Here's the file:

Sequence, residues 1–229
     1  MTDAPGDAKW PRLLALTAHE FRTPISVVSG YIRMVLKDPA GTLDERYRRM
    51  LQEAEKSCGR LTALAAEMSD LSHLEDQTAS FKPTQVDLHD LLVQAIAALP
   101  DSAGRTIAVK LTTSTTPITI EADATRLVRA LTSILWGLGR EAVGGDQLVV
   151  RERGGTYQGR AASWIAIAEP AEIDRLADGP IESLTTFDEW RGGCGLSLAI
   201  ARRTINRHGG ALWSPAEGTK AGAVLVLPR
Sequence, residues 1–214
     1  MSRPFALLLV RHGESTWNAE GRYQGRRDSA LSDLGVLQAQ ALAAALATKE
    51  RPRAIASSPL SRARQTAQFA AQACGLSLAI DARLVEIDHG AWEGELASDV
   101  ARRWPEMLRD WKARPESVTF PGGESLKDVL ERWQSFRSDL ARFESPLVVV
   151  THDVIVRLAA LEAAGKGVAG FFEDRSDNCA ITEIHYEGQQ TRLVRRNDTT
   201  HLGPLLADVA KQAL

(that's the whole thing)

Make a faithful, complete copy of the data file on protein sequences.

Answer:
Sequence, residues 1–229
     1  MTDAPGDAKW PRLLALTAHE FRTPISVVSG YIRMVLKDPA GTLDERYRRM
    51  LQEAEKSCGR LTALAAEMSD LSHLEDQTAS FKPTQVDLHD LLVQAIAALP
   101  DSAGRTIAVK LTTSTTPITI EADATRLVRA LTSILWGLGR EAVGGDQLVV
   151  RERGGTYQGR AASWIAIAEP AEIDRLADGP IESLTTFDEW RGGCGLSLAI
   201  ARRTINRHGG ALWSPAEGTK AGAVLVLPR
Sequence, residues 1–214
     1  MSRPFALLLV RHGESTWNAE GRYQGRRDSA LSDLGVLQAQ ALAAALATKE
    51  RPRAIASSPL SRARQTAQFA AQACGLSLAI DARLVEIDHG AWEGELASDV
   101  ARRWPEMLRD WKARPESVTF PGGESLKDVL ERWQSFRSDL ARFESPLVVV
   151  THDVIVRLAA LEAAGKGVAG FFEDRSDNCA ITEIHYEGQQ TRLVRRNDTT
   201  HLGPLLADVA KQAL